I love the 23rd Psalm. And lately, I’ve been thinking a great deal about the verse mentioning the rod and the staff.
I see myself as this well-fed and comfortable sheep, and then I feel a gentle prodding. It’s that Shepherd again, inviting me to move along. Why? I’d fallen into self-absorption, thinking about my problems and having a little pity party.
One translation says, “with your rod and your staff you give me comfort.” It’s not such a comfort when the Shepherd is nudging me along with that rod. Get moving! What are you waiting for?But it’s a loving reminder, full of gentle intention. I wake up from my reverie and take a step forward.
Another translation says, “with your rod and your staff you give me courage.” And I picture a tall staff at the front of the herd. I keep my eyes on the tip of that staff when I can’t see the Shepherd because all these sheep are in my way, bleating.
What are the rods and staffs in my life? The clock can be a rod, booting me into the car, onto the freeway, and helping me embrace my vocation as employee. And a staff? Since I suffer from vertigo, the yellow line down the middle of the neighborhood walking path helps me stay out of other people’s way. If I dig a little deeper, I notice my morning prayer is a staff—something to keep in sight as I amble through my day, bumping into other sheep and apologizing with a noise or a nod.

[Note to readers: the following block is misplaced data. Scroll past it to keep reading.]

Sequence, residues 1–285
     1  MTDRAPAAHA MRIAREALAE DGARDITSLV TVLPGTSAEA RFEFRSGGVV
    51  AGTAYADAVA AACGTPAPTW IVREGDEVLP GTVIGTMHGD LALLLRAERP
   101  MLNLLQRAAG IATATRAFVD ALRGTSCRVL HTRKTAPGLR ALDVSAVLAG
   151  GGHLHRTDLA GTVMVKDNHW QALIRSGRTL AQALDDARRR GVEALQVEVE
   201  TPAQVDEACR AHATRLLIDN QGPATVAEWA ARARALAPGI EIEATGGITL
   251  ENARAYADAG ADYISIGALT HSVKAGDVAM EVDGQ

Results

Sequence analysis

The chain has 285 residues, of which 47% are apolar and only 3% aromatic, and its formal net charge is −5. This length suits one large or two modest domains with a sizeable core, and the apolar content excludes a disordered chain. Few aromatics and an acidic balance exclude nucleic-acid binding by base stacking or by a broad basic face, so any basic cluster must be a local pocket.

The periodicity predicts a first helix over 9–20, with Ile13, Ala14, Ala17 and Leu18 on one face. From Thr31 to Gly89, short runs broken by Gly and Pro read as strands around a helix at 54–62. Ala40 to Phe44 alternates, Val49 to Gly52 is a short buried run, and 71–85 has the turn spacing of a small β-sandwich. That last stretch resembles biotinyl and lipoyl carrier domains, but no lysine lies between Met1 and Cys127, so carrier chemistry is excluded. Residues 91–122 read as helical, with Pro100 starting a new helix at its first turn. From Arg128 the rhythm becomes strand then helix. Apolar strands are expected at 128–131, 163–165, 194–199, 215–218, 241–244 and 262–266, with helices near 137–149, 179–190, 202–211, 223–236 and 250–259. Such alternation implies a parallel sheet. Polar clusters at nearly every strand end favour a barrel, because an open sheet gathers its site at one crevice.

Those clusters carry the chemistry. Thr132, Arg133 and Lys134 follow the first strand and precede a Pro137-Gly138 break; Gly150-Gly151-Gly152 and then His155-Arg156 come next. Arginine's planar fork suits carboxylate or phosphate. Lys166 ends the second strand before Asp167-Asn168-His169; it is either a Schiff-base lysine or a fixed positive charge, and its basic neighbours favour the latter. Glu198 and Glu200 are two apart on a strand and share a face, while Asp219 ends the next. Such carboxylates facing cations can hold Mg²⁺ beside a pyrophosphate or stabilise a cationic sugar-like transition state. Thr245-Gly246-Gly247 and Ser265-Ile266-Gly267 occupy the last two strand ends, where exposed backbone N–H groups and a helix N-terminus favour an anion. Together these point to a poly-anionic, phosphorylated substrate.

I hear the ringing of bells as the Shepherd guides our flock across an uneven road. I didn’t notice our bells before, slung on our necks to make it easier for the Shepherd to find us if we wander far afield. It explains how God found me, hiding in this bush, when I thought I was so clever in seeking my own direction. I wasn’t ready to cross that bridge, or so I thought. “You can do this,” the rod behind me seems to say. The prodding doesn’t hurt—well, most of the time.
With God’s rods and staffs, I shall not want.
I need these helps during the trials of life; here comes the shearer.